|Publication number||US8082283 B1|
|Application number||US 11/945,194|
|Publication date||Dec 20, 2011|
|Filing date||Nov 26, 2007|
|Priority date||Sep 11, 2003|
|Also published as||US7302460|
|Publication number||11945194, 945194, US 8082283 B1, US 8082283B1, US-B1-8082283, US8082283 B1, US8082283B1|
|Original Assignee||Altera Corporation|
|Export Citation||BiBTeX, EndNote, RefMan|
|Patent Citations (23), Non-Patent Citations (4), Classifications (6), Legal Events (1)|
|External Links: USPTO, USPTO Assignment, Espacenet|
The present application is a divisional of and claims priority to co-pending U.S. patent application Ser. No. 10/660,903, filed Sep. 11, 2003, entitled “ARRANGEMENT OF 3-INPUT LUT'S TO IMPLEMENT 4:2 COMPRESSORS FOR MULTIPLE OPERAND ARITHMETIC” by Martin Langhammer, which is incorporated herein by reference in its entirety.
The present invention is in the field of adding 4:2 compressors functions to programmable logic devices. In particular, the present invention arranges 3:2 compressors to form 4:2 compressors, while both allowing the use of the arithmetic capabilities of the compressors, and also logic combinations that can be implemented by 3:1, 3:2, 4:1, and 4:2 LUT (look up tables).
In one conventional arrangement, to add together multiple operands, the operands are added together two at a time, in a so-called adder tree. For example, to add together four operands using such an arrangement, two of the operands are added together to obtain a first intermediate result, and the other two operands are added together to obtain a second intermediate result. Then the first and second intermediate results are added together to obtain a final result. Typically, in this arrangement, a ripple carry adder or a carry propagate adder is used for each addition. In a ripple carry or carry propagate adder, two numbers in binary form are added together, with one number as a result. Most programmable logic architectures support ripple carry addition for adder trees, as the number of inputs and outputs between the local logic and global routing architecture is relatively small. (2 inputs, 1 output per result bit). Also, most programmable logic architectures have a n−1 logic cell structure. (3 or 4 inputs, 1 output bit).
In another conventional arrangement, in an initial step, three of the four operands are added together bitwise using a carry-save adder. The resulting sum and carry for each bit are provided to a second stage carry-save adder which adds in the fourth of the four operands and generates a sum and carry bit for each operand. Finally, a carry-propagate adder adds together the sum and carry result bits from the second stage carry-save adder to generate the sum of the four operands. However, 3:2 compressors are inefficient when implemented using PLD architectures. That is, because of the two outputs, two LUTs are burned per level. 4:2 compressors are more efficient, because they have the same routing density of ripple carry adders (2:1 input/output ratio).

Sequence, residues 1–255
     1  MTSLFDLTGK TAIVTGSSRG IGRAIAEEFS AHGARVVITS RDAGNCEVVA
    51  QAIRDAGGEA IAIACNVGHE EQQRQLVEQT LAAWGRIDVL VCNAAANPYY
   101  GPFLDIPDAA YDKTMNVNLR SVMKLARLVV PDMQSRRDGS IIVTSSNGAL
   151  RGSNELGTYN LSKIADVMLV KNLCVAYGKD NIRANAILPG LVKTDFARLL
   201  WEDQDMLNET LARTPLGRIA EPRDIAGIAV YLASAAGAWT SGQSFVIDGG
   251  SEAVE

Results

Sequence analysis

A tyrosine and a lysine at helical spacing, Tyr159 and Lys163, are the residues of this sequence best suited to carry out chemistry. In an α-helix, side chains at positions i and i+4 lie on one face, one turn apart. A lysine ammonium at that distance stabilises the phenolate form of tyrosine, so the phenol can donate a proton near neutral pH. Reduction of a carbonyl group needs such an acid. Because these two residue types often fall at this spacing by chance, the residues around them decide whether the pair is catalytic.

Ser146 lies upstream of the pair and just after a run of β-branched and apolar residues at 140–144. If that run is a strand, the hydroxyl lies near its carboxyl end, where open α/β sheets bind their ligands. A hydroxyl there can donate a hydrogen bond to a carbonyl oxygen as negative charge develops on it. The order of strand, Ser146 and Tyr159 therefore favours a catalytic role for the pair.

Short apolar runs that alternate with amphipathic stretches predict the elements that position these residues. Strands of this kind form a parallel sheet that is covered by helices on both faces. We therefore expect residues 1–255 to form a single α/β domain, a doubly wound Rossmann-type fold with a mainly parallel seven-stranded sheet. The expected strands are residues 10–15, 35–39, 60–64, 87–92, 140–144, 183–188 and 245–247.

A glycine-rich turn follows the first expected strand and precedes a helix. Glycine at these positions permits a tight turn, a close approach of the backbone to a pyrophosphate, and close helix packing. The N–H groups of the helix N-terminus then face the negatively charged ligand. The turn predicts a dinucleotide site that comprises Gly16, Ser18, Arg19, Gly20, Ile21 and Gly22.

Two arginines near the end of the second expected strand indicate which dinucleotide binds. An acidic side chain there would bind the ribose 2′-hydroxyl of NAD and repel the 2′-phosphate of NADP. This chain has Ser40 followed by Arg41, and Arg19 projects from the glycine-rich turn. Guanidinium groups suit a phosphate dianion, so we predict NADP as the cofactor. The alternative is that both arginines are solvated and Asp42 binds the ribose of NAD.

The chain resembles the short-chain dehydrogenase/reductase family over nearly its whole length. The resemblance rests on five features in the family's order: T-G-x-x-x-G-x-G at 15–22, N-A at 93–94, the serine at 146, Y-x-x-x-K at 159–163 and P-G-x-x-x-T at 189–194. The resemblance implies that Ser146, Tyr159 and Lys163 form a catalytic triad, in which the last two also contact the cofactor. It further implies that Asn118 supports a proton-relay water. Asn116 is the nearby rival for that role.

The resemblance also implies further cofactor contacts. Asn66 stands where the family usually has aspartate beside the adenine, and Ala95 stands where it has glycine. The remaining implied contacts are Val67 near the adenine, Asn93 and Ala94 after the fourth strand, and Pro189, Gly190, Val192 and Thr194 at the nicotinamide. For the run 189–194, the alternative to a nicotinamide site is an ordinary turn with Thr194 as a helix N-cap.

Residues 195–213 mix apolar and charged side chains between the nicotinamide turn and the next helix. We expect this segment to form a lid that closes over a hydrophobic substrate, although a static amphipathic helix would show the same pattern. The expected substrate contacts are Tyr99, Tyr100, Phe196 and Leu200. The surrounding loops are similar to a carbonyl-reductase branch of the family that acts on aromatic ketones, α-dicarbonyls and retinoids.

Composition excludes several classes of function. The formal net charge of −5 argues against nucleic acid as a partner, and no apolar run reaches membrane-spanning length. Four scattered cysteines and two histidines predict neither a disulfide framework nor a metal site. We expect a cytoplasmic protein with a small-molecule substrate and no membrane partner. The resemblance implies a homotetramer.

However, routing must be provided between the 3:2 compressors (which is inefficient in PLDs) to build a 4:2 compressor.
In accordance with an aspect of the invention, a programmable logic device (PLD) includes a plurality of logic array blocks (LAB's) connected by a PLD routing architecture. At least one LAB is configured to determine a compression of a plurality of N-bit numbers. The LAB includes look-up table (LUT) logic cells. Each look-up table (LUT) logic cell is configured to input three signals at three respective inputs of that look-up table (LUT) logic cell and to output two signals at two respective outputs of that look-up table logic cell (LUT) that are a sum and carry signal resulting from adding the three input signals. Input lines are configured to receive input signals from the PLD routing architecture that represent the plurality of N-bit numbers and output lines configured to provide output signals to the PLD routing architecture that represent the compression of the plurality of N-bit numbers.
LAB internal routing logic connecting the LUT logic cells such that the LUT logic cells collectively process the input signals, received at the input lines, that represent the N-bit numbers to generate the output signals, provided at the output lines, that represent the sum of the N-bit numbers. The LAB internal routing logic is not part of the routing architecture of the PLD.
By employing 3:2 compressor LUT logic cells within the LAB, the use of the routing architecture of the PLD is minimized, which contributes to more efficient use of the PLD resources.
Before describing an example, we initially note that 3:2 compressors, and building 4:2 compressor structures out of 3:2 compressors is well known. In a broad aspect, the invention includes generic programmable logic structures containing 3:1 and 4:1 LUT functions, with particular inter-LUT routing and particular arrangement to accomplish 4:2 compressors as well.
Turning now to